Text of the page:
For genuine gender parity, there should be an even mix of men and women in every journalistic role. Amazon Prime did something incredible with their all-women announcer team of Andrea Kramer and Hannah Storm (which is an enjoyable stat-filled listen, by the way), but this should be more common than it actually is.
Women in sports are judged critically for their appearance, both positively and negatively: They're either called "ugly" or are overtly sexualized.
Women still stand out as sporty comedians and commentators, and while thousands of men and women support gender parity in sports journalism, there are still millions of fans who hold back progress with the harmful assumption that the accomplishments of women have to do with their bodies rather than their brains.
If you're a fan of Colin Cowherd's show, then you may be familiar with his co-host, Joy Taylor. And if you're familiar with the YouTube comments section, you won't be surprised that any video involving Joy Taylor includes rampant sexual comments on her appearance.
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At one point or another, every female broadcaster has been or will likely be subjected to unwarranted sexual harassment due to their appearance. As I mentioned in a broadcast with fellow female sports journalist Ashmere Prasad, I was sent shirtless pictures of a male sports fan I didn't know, without reason or provocation. And when I reacted negatively to this, the guy unliked my page, which is rather mild compared to the rage-filled reactions many female sports journalists experience when they reject male advances.
If disgust about this treatment seems like an overreaction, keep in mind that this behavior has very real and dangerous consequences. Legendary ESPN broadcaster Erin Andrews, a trailblazer who continues to be a powerful role model for so many aspiring female sports journalists, was unknowingly stalked in a horrific 2008 incident. A man named Michael David Barrett rented hotel rooms next to Andrews and filmed her nude through peepholes on multiple occasions, later releasing them online.
So many people let Andrews down along the way: a Nashville hotel apparently released which room she was staying in to the convict, and the FBI was only convinced she wasn't pulling a publicity stunt after she vomited from reliving the trauma.
While Andrews undoubtedly is protecting herself more carefully these days, the bottom line is that she shouldn't have to. Erin Andrews shouldn't experience violating trauma and pain because she is a woman in the national spotlight.
Andrews's deeply troubling experience, along with the experiences of the millions of women who experience online gender-based harassment regularly, is proof that women remain targets of perverted men, both online and in real life.
The achievements of female sports journalists are diminished because of their gender.
When men in the sports world aren't laughing at or gawking at female sports journalists, they often resort to another popular tactic: belittling their accomplishments by implying they were never rightfully gained.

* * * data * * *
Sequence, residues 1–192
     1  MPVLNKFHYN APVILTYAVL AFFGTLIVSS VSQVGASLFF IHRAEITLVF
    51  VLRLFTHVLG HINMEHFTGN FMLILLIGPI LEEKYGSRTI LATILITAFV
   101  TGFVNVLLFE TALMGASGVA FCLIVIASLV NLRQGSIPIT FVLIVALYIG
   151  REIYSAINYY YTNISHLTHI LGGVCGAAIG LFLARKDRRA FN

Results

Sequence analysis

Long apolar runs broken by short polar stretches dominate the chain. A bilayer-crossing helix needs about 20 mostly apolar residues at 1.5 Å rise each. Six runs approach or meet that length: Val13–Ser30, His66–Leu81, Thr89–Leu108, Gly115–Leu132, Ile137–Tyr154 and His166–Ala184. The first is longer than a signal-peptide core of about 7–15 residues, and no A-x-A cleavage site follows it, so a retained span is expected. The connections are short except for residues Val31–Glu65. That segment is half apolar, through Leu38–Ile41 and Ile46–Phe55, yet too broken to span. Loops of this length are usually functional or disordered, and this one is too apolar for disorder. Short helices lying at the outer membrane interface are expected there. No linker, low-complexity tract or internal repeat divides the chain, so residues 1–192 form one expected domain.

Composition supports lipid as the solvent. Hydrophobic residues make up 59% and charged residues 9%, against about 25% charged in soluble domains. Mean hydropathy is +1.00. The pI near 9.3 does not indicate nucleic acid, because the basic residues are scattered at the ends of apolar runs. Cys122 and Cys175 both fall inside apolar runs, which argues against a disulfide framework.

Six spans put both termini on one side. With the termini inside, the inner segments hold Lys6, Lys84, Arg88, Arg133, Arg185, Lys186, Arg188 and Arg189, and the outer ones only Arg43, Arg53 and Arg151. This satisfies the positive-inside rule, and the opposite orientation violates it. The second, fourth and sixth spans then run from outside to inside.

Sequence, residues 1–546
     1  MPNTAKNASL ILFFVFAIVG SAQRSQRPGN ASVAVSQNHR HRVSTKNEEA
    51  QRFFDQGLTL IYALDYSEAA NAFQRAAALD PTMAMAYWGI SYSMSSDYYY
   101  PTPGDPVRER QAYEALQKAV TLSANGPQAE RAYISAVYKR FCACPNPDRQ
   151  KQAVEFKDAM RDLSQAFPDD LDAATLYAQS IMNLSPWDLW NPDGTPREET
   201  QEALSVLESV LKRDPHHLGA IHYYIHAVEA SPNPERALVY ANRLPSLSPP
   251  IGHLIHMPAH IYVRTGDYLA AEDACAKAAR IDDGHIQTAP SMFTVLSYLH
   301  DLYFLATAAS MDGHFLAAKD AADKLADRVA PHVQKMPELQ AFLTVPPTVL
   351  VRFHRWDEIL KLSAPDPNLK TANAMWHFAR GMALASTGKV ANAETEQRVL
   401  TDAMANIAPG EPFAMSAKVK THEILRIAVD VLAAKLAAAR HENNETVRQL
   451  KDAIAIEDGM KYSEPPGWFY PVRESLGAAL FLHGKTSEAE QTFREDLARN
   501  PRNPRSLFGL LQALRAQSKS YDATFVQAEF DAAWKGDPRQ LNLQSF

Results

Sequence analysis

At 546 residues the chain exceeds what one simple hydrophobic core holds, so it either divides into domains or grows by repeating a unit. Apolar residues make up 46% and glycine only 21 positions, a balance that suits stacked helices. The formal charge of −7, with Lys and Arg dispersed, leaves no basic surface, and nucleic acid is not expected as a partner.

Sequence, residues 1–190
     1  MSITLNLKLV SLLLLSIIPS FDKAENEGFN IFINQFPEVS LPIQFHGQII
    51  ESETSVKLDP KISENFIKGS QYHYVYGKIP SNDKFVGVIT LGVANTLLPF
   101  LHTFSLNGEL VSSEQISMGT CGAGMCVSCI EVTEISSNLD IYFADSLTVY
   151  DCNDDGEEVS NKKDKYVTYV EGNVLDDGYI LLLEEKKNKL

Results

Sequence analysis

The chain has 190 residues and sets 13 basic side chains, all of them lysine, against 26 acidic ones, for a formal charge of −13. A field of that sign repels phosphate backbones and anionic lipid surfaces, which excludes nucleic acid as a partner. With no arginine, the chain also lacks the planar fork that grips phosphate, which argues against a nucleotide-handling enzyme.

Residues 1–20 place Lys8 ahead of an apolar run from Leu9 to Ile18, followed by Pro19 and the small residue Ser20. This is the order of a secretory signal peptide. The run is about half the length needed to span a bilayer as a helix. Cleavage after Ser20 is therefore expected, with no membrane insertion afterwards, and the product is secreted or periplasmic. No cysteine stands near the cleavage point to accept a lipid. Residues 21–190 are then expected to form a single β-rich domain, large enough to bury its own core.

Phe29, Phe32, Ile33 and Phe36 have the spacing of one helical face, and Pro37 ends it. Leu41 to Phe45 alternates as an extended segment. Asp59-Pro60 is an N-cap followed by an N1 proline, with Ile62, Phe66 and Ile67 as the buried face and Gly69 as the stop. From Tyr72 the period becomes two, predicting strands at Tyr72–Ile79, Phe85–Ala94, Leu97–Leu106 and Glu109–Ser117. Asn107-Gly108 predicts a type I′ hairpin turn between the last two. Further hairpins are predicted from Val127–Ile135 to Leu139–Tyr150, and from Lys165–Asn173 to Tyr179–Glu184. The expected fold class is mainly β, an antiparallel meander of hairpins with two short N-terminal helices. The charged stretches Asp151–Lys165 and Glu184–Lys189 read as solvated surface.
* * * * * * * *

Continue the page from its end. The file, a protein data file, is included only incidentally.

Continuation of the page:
In a world that is trying to veer away from reserving power for a privileged few, people who previously did not have a seat at the table are now being empowered and valued for their voices. Some people don't like that.
During our Popdust broadcast, Ashmere brought to my attention the experience of Jessica Kleinschmidt. Jessica Kleinschmidt is a Digital/MLB Reporter for NBC Sports Bay Area. She's also the host of NBC Sports' Balk Talk, and the co-host of the Cork'd Up podcast alongside Rachel Luba, an MLB player agent and attorney.
Despite all of the incredible work Kleinschmidt has done, despite how hard she has worked to get there, her accomplishments are diminished because some guy on the internet thinks she is where she is because "someone wants to f*** her."
Reminder to women in this industry who work hard that this is still what I’m dealing with after establishing myself… https://t.co/FK4NTRBhOp— Jessica Kleinschmidt (@Jessica Kleinschmidt) 1607141785.0
Kleinschmidt says something telling in her tweet: This is still what she is dealing with after establishing herself in a tough industry. Still.
No matter what Kleinschmidt or other female sports journalists do or say or think, there remain people who send hateful messages about how they've moved forward in the field because of their appearance or because they're a "diversity pick." Because they're women.
Yet, as previously mentioned — as Cris Collinsworth made clear himself — people are still surprised when women know a little something about sports.
But that's what it is to be one of the #WomenInSports: It is a duality of being pushed down and lifted up solely because of our gender.
Women are held back from specific roles.
We're used to fill specific ones.
We may be used to boost ratings because we're physically desirable.
Yet we're stalked and harassed by men, both online and in real life.
And for the few of us that actually "make it in this industry," no matter what we do, there will always, always be someone to say, "You're only valued because you're a woman."
Go ahead and say that to me again, bro. We all know what this really is: you're just mad that you don't get paid for your unimaginative sports takes.
In the immortal words of SB Nation Grizzlies writer Molly Morrison, "I'm sitting courtside at an NBA game covering the team I grew up watching, you're sitting on your mom's couch making sexist jokes on twitter. We are not the same."